Every month since spring semester junior year, my friend Jocelyn, and I do this thing we call “The Monthly Bitch Out.” This is when we go to a nice restaurant that is far, far away from campus, and just rant to each other about whatever it is that grinds our gears, over good food, and sometimes, good wine or drinks. It is one of the most therapeutic things I can ever partake in, because it just relieves me of all of my stress. For the month of March, we decided to go to Blue Dragon for Dine Out Boston. Blue Dragon is an Asian-fusion "small plates" type restaurant over by South Station, owned by renowned Asian chef, Ming Tsai. We chose Blue Dragon over his flagship Blue Ginger, mostly because Blue Ginger is all the way in Wellesley, and neither of us have ever been to a Ming Tsai restaurant before.
Photos and Words by Josie Ouellette
Going to Mexico, I expected tacos and margaritas galore. Luckily, that is exactly what I got. Although I stayed at an all-inclusive resort, meaning I had unlimited drinks (by drinks I mean alcohol) and food, I still wanted to venture out to get a real taste of Mexican cuisine. My friend Adrienne and I ended up going to Mexico at the same time as another friend of ours. We decided to meet up for drinks and tacos, and so we wound up at a place called Tacos y Tequila.
Photos and words by Amanda DeJesus
More and more ramen shops are finding a home in the Boston area, and one of the best is Ganko Ittetsu. This restaurant is the definition of a hole-in-the-wall: it’s located in Coolidge Corner’s Arcade building and seats twenty-five at most. The sign out front only has Japanese characters, so you really have to know where you’re going. But trust me, this is worth the effort.
Photos and Words by Liam O'Brien
D’Angelo’s and Jimmy John’s can take a seat. There is a new sandwich king in the Boston area, one that provides customers with a sandwich-crafting experience that they have yet to undergo.
Often, when we are trying a new restaurant in Boston, we look for something foreign and exotic. But Townsman, located downtown just outside of the theatre district, has taken a step back and looked at traditional New England cuisine. They celebrate the Northeastern United States with thoughtful seasonal menus, locally sourced ingredients, and dishes that will recall your childhood.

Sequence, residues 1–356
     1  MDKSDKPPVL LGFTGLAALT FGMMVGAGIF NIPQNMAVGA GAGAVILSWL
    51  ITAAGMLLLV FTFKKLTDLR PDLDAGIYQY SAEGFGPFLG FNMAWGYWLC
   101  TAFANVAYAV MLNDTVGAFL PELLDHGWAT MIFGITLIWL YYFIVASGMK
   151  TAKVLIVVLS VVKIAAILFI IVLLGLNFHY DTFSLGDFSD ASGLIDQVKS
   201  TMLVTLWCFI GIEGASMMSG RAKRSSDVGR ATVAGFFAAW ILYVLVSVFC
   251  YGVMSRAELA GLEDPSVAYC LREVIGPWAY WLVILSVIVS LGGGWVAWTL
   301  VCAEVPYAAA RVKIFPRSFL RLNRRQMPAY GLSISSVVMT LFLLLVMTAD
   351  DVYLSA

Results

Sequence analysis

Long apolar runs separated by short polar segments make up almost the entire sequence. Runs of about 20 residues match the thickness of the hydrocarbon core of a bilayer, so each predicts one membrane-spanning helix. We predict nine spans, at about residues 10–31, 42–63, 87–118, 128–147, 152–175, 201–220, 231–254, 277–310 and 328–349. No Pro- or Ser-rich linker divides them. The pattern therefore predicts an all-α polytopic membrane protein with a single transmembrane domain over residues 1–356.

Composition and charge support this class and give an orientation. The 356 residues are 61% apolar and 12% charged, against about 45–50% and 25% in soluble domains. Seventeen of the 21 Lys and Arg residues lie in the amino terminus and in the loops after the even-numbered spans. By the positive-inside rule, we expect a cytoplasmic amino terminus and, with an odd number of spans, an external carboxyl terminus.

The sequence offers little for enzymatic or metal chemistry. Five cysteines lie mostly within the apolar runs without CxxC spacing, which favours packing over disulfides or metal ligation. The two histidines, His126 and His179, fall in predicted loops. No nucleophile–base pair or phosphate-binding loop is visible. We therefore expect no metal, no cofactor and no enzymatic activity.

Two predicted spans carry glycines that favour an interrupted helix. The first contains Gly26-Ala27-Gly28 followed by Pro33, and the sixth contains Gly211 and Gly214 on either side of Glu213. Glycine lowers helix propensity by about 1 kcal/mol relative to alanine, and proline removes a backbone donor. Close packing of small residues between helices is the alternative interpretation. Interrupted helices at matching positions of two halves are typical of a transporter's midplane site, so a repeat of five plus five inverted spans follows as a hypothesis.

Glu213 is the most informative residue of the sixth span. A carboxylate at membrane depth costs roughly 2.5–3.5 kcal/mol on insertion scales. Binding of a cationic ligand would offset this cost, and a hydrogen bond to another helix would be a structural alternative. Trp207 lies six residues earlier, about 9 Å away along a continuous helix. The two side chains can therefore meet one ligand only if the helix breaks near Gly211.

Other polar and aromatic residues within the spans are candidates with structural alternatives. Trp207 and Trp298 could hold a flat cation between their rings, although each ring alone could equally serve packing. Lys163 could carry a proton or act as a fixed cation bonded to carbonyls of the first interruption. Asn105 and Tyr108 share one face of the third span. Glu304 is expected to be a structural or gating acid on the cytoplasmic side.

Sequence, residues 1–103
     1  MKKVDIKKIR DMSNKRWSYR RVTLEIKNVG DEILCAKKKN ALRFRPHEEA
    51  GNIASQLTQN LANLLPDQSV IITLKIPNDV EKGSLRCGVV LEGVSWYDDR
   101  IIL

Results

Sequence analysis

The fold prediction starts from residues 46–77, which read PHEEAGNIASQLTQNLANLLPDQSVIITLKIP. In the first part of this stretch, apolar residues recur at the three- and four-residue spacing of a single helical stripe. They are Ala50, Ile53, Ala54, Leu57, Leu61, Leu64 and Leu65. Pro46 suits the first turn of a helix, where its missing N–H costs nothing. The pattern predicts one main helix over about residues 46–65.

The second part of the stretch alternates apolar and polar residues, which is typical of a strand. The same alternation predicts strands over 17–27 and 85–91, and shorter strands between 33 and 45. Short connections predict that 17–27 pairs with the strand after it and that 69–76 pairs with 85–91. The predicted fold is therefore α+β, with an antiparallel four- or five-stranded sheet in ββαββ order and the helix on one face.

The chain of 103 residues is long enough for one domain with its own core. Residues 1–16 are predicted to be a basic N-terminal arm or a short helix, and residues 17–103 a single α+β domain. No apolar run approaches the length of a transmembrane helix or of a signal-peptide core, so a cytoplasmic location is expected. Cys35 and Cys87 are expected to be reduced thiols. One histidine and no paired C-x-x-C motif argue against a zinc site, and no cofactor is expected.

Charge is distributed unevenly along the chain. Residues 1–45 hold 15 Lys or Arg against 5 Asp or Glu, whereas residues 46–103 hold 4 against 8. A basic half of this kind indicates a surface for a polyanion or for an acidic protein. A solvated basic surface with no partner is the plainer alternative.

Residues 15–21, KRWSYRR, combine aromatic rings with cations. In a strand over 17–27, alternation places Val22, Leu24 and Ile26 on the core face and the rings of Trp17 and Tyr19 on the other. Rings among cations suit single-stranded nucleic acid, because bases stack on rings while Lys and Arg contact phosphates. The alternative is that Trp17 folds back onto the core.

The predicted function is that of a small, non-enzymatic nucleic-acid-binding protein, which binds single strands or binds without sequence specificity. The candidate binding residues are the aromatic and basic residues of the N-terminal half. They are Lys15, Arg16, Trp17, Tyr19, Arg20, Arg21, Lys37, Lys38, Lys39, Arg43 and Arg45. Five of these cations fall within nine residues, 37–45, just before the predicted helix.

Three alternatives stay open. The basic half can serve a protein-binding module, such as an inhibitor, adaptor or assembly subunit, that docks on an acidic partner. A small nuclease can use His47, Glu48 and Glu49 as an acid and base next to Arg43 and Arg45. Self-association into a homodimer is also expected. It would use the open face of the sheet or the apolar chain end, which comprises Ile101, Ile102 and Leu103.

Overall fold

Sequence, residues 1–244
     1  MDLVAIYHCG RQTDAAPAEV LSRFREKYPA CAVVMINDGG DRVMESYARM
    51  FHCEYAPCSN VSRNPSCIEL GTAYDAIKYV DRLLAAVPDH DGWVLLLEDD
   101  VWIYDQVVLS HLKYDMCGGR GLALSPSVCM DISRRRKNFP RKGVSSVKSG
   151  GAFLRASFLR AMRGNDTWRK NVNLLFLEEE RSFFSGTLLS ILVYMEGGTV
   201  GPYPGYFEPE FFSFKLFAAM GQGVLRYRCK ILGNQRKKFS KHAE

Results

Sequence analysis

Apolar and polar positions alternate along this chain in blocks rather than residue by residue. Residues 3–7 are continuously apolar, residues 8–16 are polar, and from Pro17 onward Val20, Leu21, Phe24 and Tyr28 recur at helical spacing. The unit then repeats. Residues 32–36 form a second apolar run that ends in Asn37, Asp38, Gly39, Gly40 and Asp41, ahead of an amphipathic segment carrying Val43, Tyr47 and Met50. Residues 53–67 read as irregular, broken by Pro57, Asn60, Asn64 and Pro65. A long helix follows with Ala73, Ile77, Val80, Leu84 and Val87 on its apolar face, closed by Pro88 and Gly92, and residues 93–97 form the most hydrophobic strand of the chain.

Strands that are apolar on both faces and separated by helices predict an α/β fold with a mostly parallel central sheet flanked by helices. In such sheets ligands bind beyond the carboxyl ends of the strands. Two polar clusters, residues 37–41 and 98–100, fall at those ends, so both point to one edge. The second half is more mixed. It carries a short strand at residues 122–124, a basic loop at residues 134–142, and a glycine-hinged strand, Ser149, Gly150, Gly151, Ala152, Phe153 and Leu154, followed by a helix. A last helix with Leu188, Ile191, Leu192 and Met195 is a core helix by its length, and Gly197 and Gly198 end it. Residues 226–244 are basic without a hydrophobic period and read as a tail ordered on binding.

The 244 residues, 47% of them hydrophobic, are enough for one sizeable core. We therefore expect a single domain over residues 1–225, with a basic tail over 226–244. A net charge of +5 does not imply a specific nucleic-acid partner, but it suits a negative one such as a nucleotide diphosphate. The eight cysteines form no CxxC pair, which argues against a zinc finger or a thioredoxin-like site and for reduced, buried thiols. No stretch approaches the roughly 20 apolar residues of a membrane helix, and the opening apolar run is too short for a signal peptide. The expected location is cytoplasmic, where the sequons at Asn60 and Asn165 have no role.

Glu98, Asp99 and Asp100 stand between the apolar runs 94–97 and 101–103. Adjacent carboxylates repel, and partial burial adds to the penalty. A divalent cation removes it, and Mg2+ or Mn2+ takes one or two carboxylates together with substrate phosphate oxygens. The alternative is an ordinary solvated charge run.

Photos and Words by Fred Chang
Koy Boston is a Korean-fusion restaurant located just off of Quincy Market in the Faneuil Hall area. It is owned by BU School of Hospitality Administration alumni, Caterina Chang, and her father, who is dubbed "Master Chang." Being able to sit down with a fellow Chang in hospitality, specifically the Food & Beverage industry, and talk to her about her experiences and passion for food, it was a very enlightening experience. The concept for Koy, specifically during dinner, is to be a cozy, artistic atmosphere where you can enjoy a fun dinner with your friends, like how I did, or with a loved one on a special date.
I am seated in the oldest-running hotel in the country and it’s dark wood is encasing me from the cold, Boston air. The old-time yellow lamps illuminating the room, and booths and big chairs give it a very “homey” feel. The waiter sets the menu in-front of me and I don’t open the it because I know exactly what I am getting, the Boston Cream Pie. The pie was invented inside the hotel itself by Armenian-French chef, M. Sanzian in 1856, and is a rendition of the early American, “Pudding-Cake Pie.”
Chef Tracy Chang’s new restaurant, PAGU, located in Cambridge’s Central Square, promises “food, community, and collaboration.” By mixing together Spanish and Japanese cuisine to create an awesome, eclectic menu, it delivers on that promise.
We arrived at PAGU for dinner on a windy Thursday evening. The dining room was dimly lit and buzzing with chatter from its patrons who were enjoying an array of food and expertly crafted cocktails from the bar. The interior is composed of dark woods and black seats to counteract the light walls. Shining brightly through the sleek ambiance stands the open kitchen. Seated at the cherry wood chef’s counter that wraps around the kitchen, we had a front row seat to the action. Throughout our meal, we sat mesmerized as chefs grilled, sauteed, and masterly used chopsticks (to our amazement, as Amanda has yet to master the use of this utensil) to compose beautiful dishes. To our surprise and extreme pleasure, we got to see the mastermind behind PAGU, Chef Chang, at work alongside her team- expediting the dishes emerging from the kitchen.
Photos and Words by Jill McKeon
The artisanal doughnut trend has been sweeping the nation over the past few years as many culinary pioneers are reinventing an American classic with modern twists. At Blackbird Doughnuts in Boston’s South End, doughnut flavors like the ‘everything bagel’ and the ‘blackberry currant’ are drawing locals and tourists alike to the cozy shop on Tremont Street.
Photos by Adrienne Sheh, Words by Josie Ouellette
My mom always told me to never judge a book by its cover. Just because it may look rough does not mean that what is inside won’t be one of the best things you’ve ever read. Hole-in-the-wall restaurants easily apply to this reference.